Morris Minor – 1948

Reviving the name of a 1920s competitor to the Austin 7, Morris Motors came up with a small saloon that would turn the tables on that formidable prewar rival, for Austin entirely failed to match the success of the Morris Minor, which thrived for over two decades following its launch at the Earls Court Motor Show in 1948 –an event that saw many of Britain’s first all new postwar cars presented to an eager public.

Later to become famous for creating the Mini, Alec Issigonis was responsible for the Minor’s innovative design. It was conceived as a vehicle for the mass market at a very reasonable price for the build quality. There were three versions in Series I – two- and four-door saloons and a convertible tourer. Plans to use a flat four motor were scrapped late in the day and a straight four sidevalve was substituted. Around a quarter-of-a-million Minors were built in under four years, with the convertible taking a third of sales.

Series ІІ in 1952 saw the fitting of a smaller but more powerful OHV engine (from the competing Austin А30, as Austin and Morris had merged to form the British Motor Corporation). Three new body styles appeared, too – the van, pickup and Traveler with its signature wooden frame. Series ІІ lasted until 1956.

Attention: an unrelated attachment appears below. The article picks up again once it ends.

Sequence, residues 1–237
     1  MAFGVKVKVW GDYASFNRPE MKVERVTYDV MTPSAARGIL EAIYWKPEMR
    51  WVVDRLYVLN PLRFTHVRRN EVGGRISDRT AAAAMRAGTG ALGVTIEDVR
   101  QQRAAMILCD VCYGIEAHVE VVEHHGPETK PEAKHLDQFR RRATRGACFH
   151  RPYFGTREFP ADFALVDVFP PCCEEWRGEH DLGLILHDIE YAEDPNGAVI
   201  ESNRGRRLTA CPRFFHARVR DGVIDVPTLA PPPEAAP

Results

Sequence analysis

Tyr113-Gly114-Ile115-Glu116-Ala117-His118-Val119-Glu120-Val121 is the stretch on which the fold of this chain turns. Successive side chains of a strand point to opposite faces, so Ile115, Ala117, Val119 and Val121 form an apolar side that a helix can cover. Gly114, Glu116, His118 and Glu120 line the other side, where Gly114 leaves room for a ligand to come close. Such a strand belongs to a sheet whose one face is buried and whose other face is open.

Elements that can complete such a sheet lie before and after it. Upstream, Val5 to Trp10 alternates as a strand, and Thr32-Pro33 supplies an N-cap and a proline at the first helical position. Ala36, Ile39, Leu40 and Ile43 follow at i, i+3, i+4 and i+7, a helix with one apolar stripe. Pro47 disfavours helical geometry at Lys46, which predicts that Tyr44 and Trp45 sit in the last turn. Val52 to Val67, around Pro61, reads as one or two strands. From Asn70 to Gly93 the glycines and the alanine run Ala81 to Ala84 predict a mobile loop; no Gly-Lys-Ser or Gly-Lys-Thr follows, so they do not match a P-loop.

Cosmetic modifications were made for Series ІІІ, including a further uprating of the engine and in 1961 the Morris Minor became the first British car to sell more than one million units. An even larger engine was introduced the following year but it was the beginning of the end. The 1960s saw a steadily declining sales graph until the convertible went in 1969 and the saloon in 1970. The last of the line were Travellers made in 1971. Sadly, the Minor’s replacement was the eminently forgettable Marina.

COUNTRY OF ORIGIN:

UK

FIRST MANUFACTURED.

1948 (until 1971)

ENGINE:

918 сс Straight Four (Series I)

PERFORMANCE:

Series 1 had a top speed of 60 mph (97km/h)

YOU SHOULD KNOW:

The names Morris Minor (and Iater Minor Thousand) undoubtedly have a familiar ring but they might have sounded strange to modern ears had the original name been kept – the prototype was known as the ‘Morris Mosquito`, though this was wisely dropped.

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